The Algona Republican from Algona, Iowa on August 29, 1894 · Page 2
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The Algona Republican from Algona, Iowa · Page 2

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Algona, Iowa
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Wednesday, August 29, 1894
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Page 2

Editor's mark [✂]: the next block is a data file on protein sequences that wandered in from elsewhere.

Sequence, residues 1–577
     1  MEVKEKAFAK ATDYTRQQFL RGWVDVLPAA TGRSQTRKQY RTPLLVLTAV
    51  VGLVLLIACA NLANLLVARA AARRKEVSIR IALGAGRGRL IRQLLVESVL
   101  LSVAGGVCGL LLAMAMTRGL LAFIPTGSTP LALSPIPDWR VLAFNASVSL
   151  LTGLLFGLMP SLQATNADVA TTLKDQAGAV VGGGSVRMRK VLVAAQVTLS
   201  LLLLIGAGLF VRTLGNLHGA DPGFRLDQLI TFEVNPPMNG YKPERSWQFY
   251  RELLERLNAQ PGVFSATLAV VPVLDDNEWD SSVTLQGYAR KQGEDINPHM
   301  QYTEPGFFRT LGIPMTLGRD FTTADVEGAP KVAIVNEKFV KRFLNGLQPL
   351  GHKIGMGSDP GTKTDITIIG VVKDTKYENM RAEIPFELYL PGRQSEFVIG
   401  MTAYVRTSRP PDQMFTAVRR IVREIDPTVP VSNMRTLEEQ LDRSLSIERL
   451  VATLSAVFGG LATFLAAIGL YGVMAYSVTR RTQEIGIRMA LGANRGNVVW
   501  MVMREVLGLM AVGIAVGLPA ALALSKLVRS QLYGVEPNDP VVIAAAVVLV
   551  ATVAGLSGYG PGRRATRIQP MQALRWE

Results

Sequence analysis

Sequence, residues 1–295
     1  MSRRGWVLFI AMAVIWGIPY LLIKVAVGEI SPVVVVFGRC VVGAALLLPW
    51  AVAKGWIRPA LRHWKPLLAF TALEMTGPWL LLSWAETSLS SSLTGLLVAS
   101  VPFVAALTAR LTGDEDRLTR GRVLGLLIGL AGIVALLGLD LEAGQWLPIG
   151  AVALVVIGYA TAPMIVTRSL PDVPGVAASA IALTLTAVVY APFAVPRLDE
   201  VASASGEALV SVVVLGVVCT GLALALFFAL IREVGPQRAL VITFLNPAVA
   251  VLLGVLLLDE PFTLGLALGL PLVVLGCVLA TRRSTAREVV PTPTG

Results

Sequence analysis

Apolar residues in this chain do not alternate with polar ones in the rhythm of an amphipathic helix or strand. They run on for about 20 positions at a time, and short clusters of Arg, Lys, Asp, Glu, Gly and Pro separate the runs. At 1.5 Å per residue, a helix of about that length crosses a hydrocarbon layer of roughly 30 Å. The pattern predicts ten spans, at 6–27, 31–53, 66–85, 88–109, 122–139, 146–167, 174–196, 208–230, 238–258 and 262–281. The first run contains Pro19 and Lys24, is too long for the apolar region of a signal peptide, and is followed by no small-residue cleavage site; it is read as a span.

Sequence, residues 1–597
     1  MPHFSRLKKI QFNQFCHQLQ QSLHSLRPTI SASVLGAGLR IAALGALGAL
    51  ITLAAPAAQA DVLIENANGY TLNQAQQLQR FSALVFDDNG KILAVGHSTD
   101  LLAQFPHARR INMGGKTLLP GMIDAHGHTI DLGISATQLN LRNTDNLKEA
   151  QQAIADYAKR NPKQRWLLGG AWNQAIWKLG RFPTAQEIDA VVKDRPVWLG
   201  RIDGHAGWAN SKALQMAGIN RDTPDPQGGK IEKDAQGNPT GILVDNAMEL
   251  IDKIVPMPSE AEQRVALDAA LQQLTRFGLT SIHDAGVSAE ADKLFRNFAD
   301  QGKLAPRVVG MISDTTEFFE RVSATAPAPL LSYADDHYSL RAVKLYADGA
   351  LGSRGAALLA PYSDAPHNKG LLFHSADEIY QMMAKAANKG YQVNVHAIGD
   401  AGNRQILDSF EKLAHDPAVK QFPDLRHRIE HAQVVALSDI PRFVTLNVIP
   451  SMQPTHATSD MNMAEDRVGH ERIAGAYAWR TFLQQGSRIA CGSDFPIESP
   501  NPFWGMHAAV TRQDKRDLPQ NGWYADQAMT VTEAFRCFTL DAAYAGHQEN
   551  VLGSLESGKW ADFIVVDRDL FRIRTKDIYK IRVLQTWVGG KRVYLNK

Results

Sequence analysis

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-'C-C ,'.t' V; ' ./-- / '/"-v'V i.^' , >"". - t j'-HiVjs^ "V,T- 4 '" ",'?'". "'"''' '' ; r " J ':*7iS'' »"".?;• ' 0 C'-' v'>'*'"- : •^-•/h^r^f^''''''^^^ ''**H" : ' 1 " v . ' ,* i ~ ,<." ' --'..V 1" : ?,'t .*? '•'<;';. W , Algtma Republican, 8*Atefc» AtXJONA. IOWA Mr. and Mrs. John Huston, of Co- tnanche, celebrated their golden wed* cling 1 in an elaborate manner. A cable announces the sudden death nt Paris of J. W. Edgerly, a prominent merchant and banker of Ottumwa, of apoplexy. Arthur O'Malley, who had been engaged in the liquor business in Dubuque for thirty years, died a few days ago of pneumonia. The National Oil Refinery Company is seeking to establish qn agency in Dubnque, licadqtmrtersfor Iowa. They are fighters of the trust. The State Fair people will pny out a small fortune in premiums, State Fair week, Aug. 31, to Sept. 7, inclusive. The list at this time foot up to $35,000. Dr. F. H. Sanderson, of Spirit Lake, will hold religious services on the State Fair grpunds, Sunday, September 2. The fair opens the 31st of August and closes September 7. The packet Verne Swain, plying between Clinton and Davenport, ran on to a snag four miles below Clinton and sank'in four feet of water, The passengers were landed safely. Gilbert Perry, father of George Perry, proprietor of the Dubuque Times, dropped dead at the family residence on Burch street. He was never sick was at- day in his life. His death tributed to heart trouble. George Griswold, a clerk in Weiscr's drug store at Decorah, committed suicide by taking marphine. He had planned taking his life for a week previous and told his friends of it, but they deemed it a joke. He leaves a widowed mother. . The Linn county veterans nssociation held a two day's reunion at Cnggon. The meeting was the most successful in the history of the association, over three thousand people attending the evercises. It was decided to hold the next reunion at Spring Valley. Albert Rewell, resident of East Dubuque for forty years, was found dead at the foot of the stairway in his home at Dubuque. His neck was bx-oken. It is presumed he fell down the stairs. His son is postmaster of East Dubuque • an4 another resides in St. Louis. • ' :j3$h.e democrats of the Third congres- gressional district met at Waterloo and endorsed the nomination of Rev. S. H, Bash017'previously-nominated by the populist's., He will'-be opposed by Congressman Henderson. Mr. Bashor is a Dunkard minister and resides at Waterloo. ; There will be some races at the State Fair every one of which will be first class. On Monday, the 3rd, 51,200.00 in purses ..will be paid to winners. $1,000 on Tuesday, the '4th, $1,300 on ^."Wednesday the. 5th, and _ $1,700 on : • Thursday the, Gth, while Friday, the ; 7th, has been set for Derby Day, run• ning races only, the day of days.' Every class is filled and a big time is assured. The people's convention was held at Corning. Hon. Ed lloman was chairman. C. A. Reese, editor of. the Industrial ,We,s^,.a populist newspaper pub- lishedJ£|jt .E'^rni&jr, offered a resolution endorsing the candidacy of F. Q. Stuart of .Chariton for congress. The old time greenback'ers 'raised the "middle of the road" yell and. a stormy discussion followed, which 'ended in the adoption of the resolution provided Mr, Stuart woitld endorse the Omaha platform. Reports to the Iowa Weather-Crop Service show an improvement in the condition of corn in. fields where the vitality of the plant has been maintained and tlie ears formed, A very large portion of the acreage .planted has been or will be cut for fodder, and all reports confirm the previous estimate that the total amount of merchantable corn cribbed this year will be about one-third of an average yield of this state. Pastures are beginning to revive. Potatoes, late sown flax and millet show an improvement, . Every year of the State Fair the so-' ciety has taken particular pains to secure attractions for the fair which would be both pleasing and edifying. This year will eclipse any and all others in this respect, and no one who cnn spare the time and money should fail to attend the meeting this year, which opens August 31. for the management has ^ranged for one continuous round of pleasure, froin start to finish, for the entertainment of guests. Balloon ascensions and parachute leaps have been a feature of the past. This year the thrilling novelty of a man fired' from the mouth of a cannon in mid-air, attached to two balloons, will be given. This feat is one grand to behold and is performed only by Messrs. BtHfon and Graves. It is the most wonderfully thrU^ng novelty of th'e »ge, , Aft, jmfpytynate accident under pecu- diatressing circumstances oc- at the union depot at Cedar My, asd Mvs, A' 1 - fc>- lioom: of , a little town in Washington , wore oji their way tp »Ieffe,ysQn of Mr. Koovey stepped Capt. Sam Mcott. of Dubuque, claims to be the oldest surviving white settler n Iowa. He came to Dubttque in; 1832 .nd has resided there ever .since'*-! He took part in the Black Hawtt wat/ Fred Jones, 20 yearS old£ committed suicide at.Creston by "taking morphine 1 , te was discovered In hip room in an incouscious condition and beyond the iclp of physicians. This was the second attempt. Three toughs named fid. Stacy, Riley Metcalf and Reed A. Spracklin are under bonds to appear before the Calhoun county grand jury at its -next setting, to answer complaints made by Bonheur Bros, for attempted riot. These fellows had laid ft plan to.thtffcW some eggs at the tent of .thgu. JSpliheuf Bros', 'alter their, Entertainment *t Muddy .'''arid purchased tlir%e ^ dpfcen eggl al Hioe's sfore' for, the purppseY No reason was manifest! for the'-hct'ioh of these r*uglfs except the failure of a talking machine to work, and as this was a very unimportant feature of the show, the respectable portion, of the audience express indignation.' A telegram from Cripple Creek. Colo., announces the attempted assassination and severe wounding of W. O. Wirtj president of the Ben llur Mining Company^ Mr. Wirt is a resident of Council Bluffs and is well known in insurance circles throughout Iowa. He. was in company with .T. W. Roseberry. Des-Moines, secretary of the company, half a mile from Victor, when they were attacked by six band**.s. "Wirt was shot through both arms, breaking the bones of the right arm. Roseberry's horse was killed, but he escaped. It is supposed that tjio bandits took the two men for a local sheriff and his deputy, whom they wanted to kill on account of mining troubles. The Iowa State Fair, which is to be held on the society's beautiful grounds at Des Moines from August 31 to September 7. inclusive, will be the forty- first time that the state has made an -exhibit of its resources and products. And each time these exhibits have been the pride of all lowans, for nothing has advertised the state more, nor has anything done this work better than our state fairs. Each meetin g ha s added wealth to every acre of land, every grade and thoroughbred horse, cow and hog in the state, and that they may continue in this.' direction, every person in Iowa, who can, should assist, . !By att explb'sioti. m a'*mine at' Frank- life, W&sh M six%-twtf men ^erfiini'- prisoneft, nttA when ttt&fire which started was ftfcalfy estingftiished thirty-fceten of the-men-'werji takelt out dead. The remainder were rescued alive. According to the report of Congressman Cummings of New York, chairman of the committee to investigate the Carnegie armo? plate frauds, the company has been guilty of most-gigantic., jrauds_. against the government, Aug. SS. ttiminiftgs, committee not;only by his presence, but by show-" Worthy to be called crimes." It says the- government inspectors Were at fault and careless, and suggests that the plates be again tested* The republicans of Nebraska, in state convention at Omaha, nominated Lieutenant Governor Majors for governor. Upon the announcement of the result. Editor Roseyvater of the Omaha Bee, national comrtiittecnian. for. ; 'Nebraska, sent.;.a letter' resigning his place as comuiitteemanj "denouncing" Majors as unfit for the place and bolting the nomination. A dispatch says the maritime court at Shanghai, which is investigating the sinking of'the Chinese transport Kow Siiing, pronounced in favor of the Japanese in the affair, ami Admiral Frecinantle, British coinmandcl', therefore advised the government ,that a claim for damages "will be useless. It is officially announced that on June 30 the king of China appealed to Japan to assist him in driving the'Chinese from Asan. This it is added was done with the assistance of the Corean troops. At Washington Park, Chicago, Alix, the trotting mare, went a mile oil a slow track in 2:Q3K, beating Naiicy Hanks':rccord for that track by one second. • .•• • :•- •»••-••,• • .. ... After, investigating the situation-at Pullman,,and finding a, distressirig'con- dition of pbverty mid starvation,/ GOv. Altgeld wrote to President Pullman of the Pullman company, asking him to take steps to relieve the distress. Pullman refused tp/lo so, and now the governor lias appealed to the people' of Chicago and Illinois to aid the poor by contributions of "food, clothing ' and cash. The persons charged with'.committing the outrage on^.Adjutant ; General Tarsney, of .Colorado have ; been dis- ^ charged,'-the grand jury having failed ol So*tfi fhelf tltkfet. f AffKTOff, S. D., Aug. 58.— The publican stat6 eoavgntioa finished w*«rk at 6 o'clock last night fcftfef ht<ring nominated the following ticket: fcongrifessmeJii K. J. Gamble, Jr-A. Pickler; governor, 0. ti. Shelfloti; Lietit.-Gov., C. tf. Heffied; secretary of state, Thomas Thorson; aiiditdf, Johh E. Hippie; treasury, Kirk Phil* lips; Attbrney-denefai, C. J. CtattfOrd; superintendefai public instfudtidn, Ffank Cffttie! (SommissioneF school lands, J, L. Lockartj commissioner of "labor, S. A. Wheeled railroad cOmniis- eionerSi J< A., Bftinnan, G. A. Johnston, Frank Conkliu. Jhe platform contains these two inv portant planks! "Feeling that Ameri-> cati citizenship should be protected against th6 importation of pauper and criminal classes ffOW abt-oad We favor such modification of our immigration laws as Will more fully effect stich protection. V\fe favor the uso of both silver and gold as money at a ratio of 10 to 1, confining the Coinage of silver to the American product at'the net cost of the actual expense of coinage, and We demand that silver as well as gold should be a legal tender for the payment of all debts both public and private, and we pledge the congressional nominess of this convention to support the principles herein contained." ' TEXTILE WORKMEN OUT. ing the products of his farm, garden, orchard, factory, shop; mill or mine, or whatever industry he'inay be engaged in, at the fair this fall. . The Wiese nivirder case for the trial of Mrs. Bennett it is understood .will not come off at the coining term of court that convenes at Marshalltown on the 27th ins^t., Judge Weaver on the bench. There/seems to-be no new evidence against' Mrs. Bennett as far as. any one knows, and as a long expensive. trial has already been borne by the county, the 'hope is that if there 'is nothing new by the prosecution it will remain in statu quo. There .has been raised by 25-cent subscriptions about $100 to buy a tombstone for the murdered girl in the Gladbrook graveyard. Out of the evidence supposed to be correct in this case, statements made by the editor of the Statesman, have caused a libel suit for Webster and Burk- liart to answer at the August court. Just after the races closed in Webster City recently, a gentleman from Danbury foreclosed a mortgage for §370 on Columbian Maid, a trotting horse that was entered in the 2:40 class. The owner, J. H. Lish, of Danbury, did not want to give up the horse, and in the evening he selected a crowd of horsemen who were his friends, and, going to the stall where the horse was kept, they attacked the negro who was in attendance and tried to take the mortgaged property' by force. They were well" supplied with ropes and freely 'threatened, to lynch the negro for .the part they thought he was playing in trying to get the horse away from the owner. 'It was not until officer's were called to the race track that t»ie disturbance was quelled?' The horse was taken to a livers' stable. The Pollock affair, which recently agitated the citizens of Mason City, has again come to the front and is now in court. The facts in the case are as follows: Two years ago Miss Witnall, a young lady of high -parentage, came from England to make her hoi»s with her uncle, George Pollock, a wealthy citizen of Ctsrro Gordo county. About a year ago Pollock, his wife and Miss Witnall suddenly took their departure for Seattle, .Wash, While thei-e Miss Wetnall suddenly died and her remains were brought to Muson City for burial. Neighbors suspected all was not right, and the coroner, acting on demand, exhumed the body a,nd found that the young lady Jja'tl died from childbirth. Indignation' ran high, and pollock left. Later he " accused Jaines WHnal}, 'brother 'of the unfortunate girl, of bringing ruin to his sister, a,jjd now the brother '.has instituted a slander suit for $10,000, and Mr. Pollock sues for divorce a$d division of the -property. Judge "William Toman, one of the best known newspaper ineji in iowa, for,m,any years a publisher a,fc Osage and lnc\e,p^n^enp'e, and ^ow.- ipditor 'of, ' to find a true bill. .It is said" the people are disgusted* • •'.... In response to an appeal from citizens of Pullman for an investigation of the starving condition 'bf I'.GOO families at that place, Gov. Altgeld is in Pullinan looking into the matter and is said to have foiind a distressing state of afr ' ' " . , . . The river and liarbo?- Ijill carrying $11,479,180 has beconwi- a law witliout the president's signature., the .legal limit of ten days having expired within which he- could .sign ; orveto it. It is the third time during Cleveland's teian that the river and harbor bills have become laws without his approval, the only other bill of this kind 'submitted to him having been vetoed. Aside from the amount carried < by the bill, also comes $8,400',000 for river and harboi contracts, making the total for this class of work $10, 878,180.' COAL DOES NOT ADVANCE. )iv England Mill Owners Meet n Strike More Than I lull" Way. FAI.T, RtyisHj Mass., Aug. '35. —The Treat textile strike here has developed nto a lockout, and as a result 25,000 nill operatives in the city of Fall liver are idlei Notices were posted n the mills yesterday that every mill operated by members of the Manu- ! acturers' association will shut down !ndefinitely., v , These mills include every establishment engaged in the nanufacture of print cloth. The Weavers' association is in session dt cussing the feasibility of calling off the King'Philip mill strike, which has been On • for some time. If this is done it will place the strikers On the same footing'with the other employes. FAMILIES IN DIRE WANT. '& W*i tfiftt thS Has Beisft ttnfo«t—fcW&taft for the Pacific. , Aug. at>.—A teiegf&M ifow shahghai says that the attempt of this Chinese government,to float a loan of 1,000,000 taels, td be guaranteed by Chinese mei-chattts, has proved a fa51- tirti. ^Phe Japanese government • has dedlafed rice to be not included amoug f articles contraband of .wat*. The AmericaiEl consul at Shanghai' has ordered ;sith*fe: ; Japanese 'in* that: citf to discard the Chinese Costumes ; and adtises a major* ity of them to retut-n to theif native countrv* Mr. Otori, the Japanese minister at Seoul, is reppi'tdfl to have beett killedi BiEIiLlN, Aug. 35.—It is reported here that nine Riissiatf warships will. l,ea,ve Cronstadt on Aug. 37 for the Pacific. Strike Riots at Glasgow. "GLASGOW, Aug. 25.—In connection With the cbal strike serious rioting has occurred and several pits have been wrecked, by disorderly mobs. Donaldson, the leoier of the strikers, and five others who have been prominent during the '.strike have been arrested. Pope Friendly to. France. PARIS, Aug. 35—The pope ih : as writ* ten a letter to' M Turquet, formerly undersecretary of state, con firming' the papal adhersion to the French republic. :' . " •. MOORFIELD STOREY SPEAKS. STOREY Addresses the Business Men Ask for the Reinstatement . of Union Pacific Stt'lkers. ' • . • OMAHA,'.. Neb., Aug. 35.—General. Manager Dickinson,of the 1 ; Union : Pacific 'is ,d'aily receiving.;- hundreds of petitions for 1 the reitis'tatoment of old. employes 'who vyen't. out. on strike, These letters'' do not,come from the* men themselves, but from merchants, bankers, real, estate agents, board of trade ; associations and .'.•'other's. So urgent are ,some of;the demands that' Mr.. Dickinson has about decided to go west and personally • interview' the business nieii; of the • communities' clamoring for relief and asking for the reinstatement of the men.,' The petitijpns declare that ^many^of the tnen's. families are j in absolute \yant. ,, Massachusetts Lawyer American JJar Association. SARATOGA; N. ; Y.; 'Aug.'; 35.---The an- pual address, before the/American Bar associatioii was dejivered'yesterday by Moorfield, Storey <?f Massach^e,ltsi The repprljs of the standing ^cojhjnitr tees were submitted. Reports* were' also .received from the special committees on uniform state .laws,,jon ex- ; presbioH and classificatjonjofi 1 - the law .And the federal code of criminal procedure.' The assdci&tloq in the CAr^ing r*r sumed con'nde.ratioij Of-tliei^rciipo^ts^f ^everal committees. 1t f also" received 1 suggestions from a number of patent la\Vyers'that tlie association create a .section on patent'laws similar to tho -sec.tion,on legaj.education. the h6tis6 f epof t ufJOft the ifatestigfttion of the ftrmor-plate and billets 'furnished to the gotrerfl* fneiit by the Cateegie Steel colnpanjr- "fhe investigation has been in progress for weeks and during its.cpiirse USflti* monf h&s been givetfty the pHnciiiai officials of the daffl^gie cptapatiy, by Woi-kmefl and bjr gotertiment officials. The report is • a. remarkably complete r§?Sev# of the ca&e. '; ThB Commitiee" finds that charge;!* oi fraud have been sitotalned, scores the 'company severely and rec* ammentls that fiftyuine inspected plates itt use should be tested as the only method of proving their fitness orunfithess. It p.foly. finds that the government inspection was negligent, but no charges of dishOHesty rests upon ,the ^inspectors. ( ,; Ac- icdmijianyirig the rt-.^prt was a joiutres' ollltioii to' authorise and' direct., the secretaii-y of the navy to remove from ^ 'the Monadnock, the monitor Terror, the ships Oregon, Indiana and Massachusetts and the cruiser Monterey certain specified armor- plates and to subject them to the ballistic test at the Indian Head proving ground. The resolution also directed a speedy report on those tests. Corbett and tlackson Get a 3fow Offer. PARSONS, Kan., Aug. ••*:>. — A purse of 825,000 was Offered by tvansas, Indian Territory and Texas citizens for the Jackson- Corbett fifrht.to take place at Wagoner, I. T., where there are no 'laws, to prevent such a contest. A -New York agent Itfst night telegraphed Jackson's and Corbett' s acceptance of the oft'eV, .providing the money was depqsi ted-in New York. The; money was!guaranteod"and;!Wiil be fpr warded Mpn;dayl ''_ !>r l {', ' \ "r 1 v 'j, -'i^ C. Miners' "Wages Kciualn Stationary anil They -Will Not Strike. .TEBRE HAUTE, Ind., Aug, 35.— There has been talk of a renewal of the miners' strike in this state Sept. i, but careful inquiry (shows that there is no. likelihood of it. The selling price .of ludia.n'a coal is lower tha-n it was a year ago this month, and as yet there is no announcement by the operators or wholesalers of the customary advance for the fall and winter, and inasmuch as the price of mining is not to be advanced there would not seem to be cause for an increase in the selling- price. If the miners now understood that the operators intend to get* more money : for their coal the men who dig it would be more inclined to strike, ,. _ ._ _ Wll Not Give AVorlf to Strikers. OAKLAND, Cal., Aug. 35.— Notwith* standing the partial denials that the Southern Pacific company is coutinu' ing an unrelenting persecution of tne 000 men in West Oakland who recent' ly went out qn a strike several of the American Railway Union members say that the railroad not only remains unchanged in its attitude toward the strikers but that it is successful in its battle against them, The Railway Union branch ftt West Oakland is en? tirely disorganized and the members aye looking to charitable people of Oakland for the support of their families while they a,ve to find work. for Commander. DAVENPORT, Iowa, Aug., 3 5,—Nation, al officers w.ere elected at the Sons of Veterans encampinent .yesterday as follows: . ;•-.'-•.:.'.' •• . , '•• Commander --in,- chief —William E.''Bundy,of Cincinnati. Senior vice'commander—T. A. Barton, of -Providence, R. I. Junior yice ; commander—Louis Lilley, of Davenport. , ' The propositions-for an insurance branch and for sick'and funeral benefits .were.'voted down, as the society is not thought ripe for such innovations. . After' .a warm contest between Omaha, Neb.,.: Erie, .Pa., and Knoxville, Tenn., the convention decided «,o meet next year at Knoxville, Tenn. Militiamen Must Obey Orders, ALBANY, N. Y., Aug. 35;—A letter received by Attorney-General Hancock contains the following inquiry; "Is a member of the National guard, state of New York, liable to be called and compelled to go outside: of his own state to do military duty? As an instance, could the New York, State National guard be compelled to do du£y at a Chicago strike?" In reply the attorney-general gives it as his opinion that a militiaman must go wherever he "is ordered, whether in his own state or not. and VHJJdftUU' Freights Collide. Ind., Aug. 35.—At Clymers station yesterday a west-bound freight train on the/ Wabasb railroad pan into a freight train on the Van- 4alia, which was pulling 1 o\er the crossing, Eight Vapdalia cars and the "WabasU engine were badly wrecked and the track was blockaded so that Wnbash trains were seat over Mqnon and Panhandle Charged with u Soj-Joiis Criiiie. MUNWE, Ind., Aug. M'.— Samuel Collins, a wclj-knowa man who.-l t resided in Delaware-county during his life time,, w'as arrested' yesterday and taken to Zanesville, Ohio/where he will., be 1 compelled 'to answer the charge of blowing up an engine with dynamite. • Six weeks ago Collins was at Zanesville and had a quarrel with William N. Bowers. "No danger was anticipated after tlie' quarrel' until a few nights afterward, when -a 1 large engine on Mr. 'Bowers! farm, .used ( to run a 'thrashing machine, was blown to .pieces "with dynamite."' Collins .was seen' around the far.gj'amV was/there'- fore suspected of b!6wing up the fen- for revenge, " ' «. ton! Lonsdalo After .'America's Cup. j LONDON, Aug. 2»^-The! Yachtsman say.Sxthatlt learnsVvfppn good .authority that the next "challenge for the America's cup will be issued by earl of JLonsdale. CONGRESSIONAL, , ' '*• /SENATE. Washington, August 1« —Senator White of California yus given 5 the vacancy or the finance committee A resolution by Murphy that it was -'advisable to'-'adjourn at tlie earliest-rjossible moment \vu's'ndopt-1 ed. liindsay offered a resolution that it bel the"beftse of-the senate.tbatcongress sboule notadjdurn until a bill had been passed re; lievmg''and'discontinuing any duty on re fined sugar vvhi,ch ^vould operate for th^ benefit o£ the sugftr trust. . Laid over. Washington. August 20.— Harris, from the finance committee, reported back tbe amended sugar, -coal, iron qre, and' t barbed wire bills. Bill "to push claim against the 'Stanford estate passed. BiIJs placing wool, coal and iron ore"'on the free; list ^Yere ordered to the calendar,'an<l senate wontihto executive session.- Owing to lack of a^ ruin, senate adjourne^ till Wednesday. | '• ' f,' 1 , v >ODSB. *•- '''„•$]] ,.,•": House was "witliout. a quorum •. ftud «no Smallpox Injunction Set .Aside. VVis., Aug. 2 s.— Judge .Webb's decision getting aside the injunction obtained b^TRomas/Mainan- and permitting th,e city 'to ' erect 'temporary smallpox- barracks vpn^a., •tract of lan-d in the Eighteenth ( warcl .was filed .yesterday. The bpard of public works at once began the cpn- .struction of the- barracks, ^here does not appear - to be much of a let-up in the number of smallpox cases, five new cases and two deaths being reported yesterday. , House was 'without, a quorum • business of importance ,was transacteu. , ' HOUSE. -» ,,! \ '' • ' Washington, August 21.—The house wan again without a quorum and only business of minor importance was transacted- SENATE. ';_':_ . -f Washington, August 23.— Tito quorum developed,, and sergeftut-at-arnis.was direct- 'ed'to request the .".presence 1 ! of ^absentees. Executive gessipn''; adjourned. at. COLON, Aug. 25.—Advices received hire from' Bluefields, 'Mosquito Territory, say the. Nicaraguans continue', their barbarities towai'ds foreigners, It is reported that imprisonments and murders are so frequent that the' ifr-i 'habitantsare fleeing in all directions. More troops.are arriving at JJlu^fields from Greytown. Order Awy ,AH thp Western 'Trpops, WASHINGTON, Aug, 'S5.— Orders were issued by the way department yesterday directing that the", additional tropps quartered at ForV Shepidft turn to tbeir proper quartern , or4er wjll 'afEect thosp, trqops Vfhic^ \iq$ beep 6en.t» to Chjoagp '/f°W "" Leaven worth, Fort Wiley, and Brady, and under it they will woye soon as possible, . Washington, Aitg^st 23.— The roll call •showed, the presence of thirty-three, ten ressthana qubrupi.- Absentees ( were telegraphed for, ' • • i HOUSE. u _, CuoimingSi presented a report on the armor plate frauds a,nd offered a resolution to authorize aba direct the secretary of the navy ' to remove , i'i-om the Mdriadnock, Monitor and • other vessels certain armor plates and have same tested. Adopted. l ;', SENATE, .-.i ', ' ;•' Washington, ^.a'gnst 24,— House -resolu- , tion providing for Adjournment; sine die QO Tuesday next was adopted. Executive session; adjourned. '•• • BWSS. Atter the unanimous adoption of tlje joint resolution, offered by Oatohmgs, of the committee on rules, for sine die adjournment next Tuesday, 'the bouse ftd- to meet; M9oday next, re- of Trade. , Aug , SS.—The following tftble , shows the range of quotations on tlit> board' '' Vessels Sent to Morocco, Awg- 3 5- -—Bug* land, Hpain, »nd. Italy have way vessels to Mawvgan for the teption of their respective Jt is ypported that JEngJand dcjnapd,s an. indemnity of $409,000 in th§ of the schooner Mayer that was by. Biffl,aB pistes, nev MeUUi, dime »n PARIS, Aug, 35.— At tl)o Veloarome Buffalo yesterday the 'quarter-mile bicycle race far professional was won by the. Amerjoan, also an American'^ «PJ»* Wheat- % ' "Aug..,. Sept Pec. May BQllipg fts&ooiatiW l day JR thie city', ftt gf ye^e ' fwUy IO.OOQ were ice, for » federation .o.f'tilie republjc^, i| regarded here aj wt UfeeJy to as coyere4 here Cherokee', V£ij»es, K h,a» suffered a stroke qt paralysis whioh remjers him ' ''The<?4 a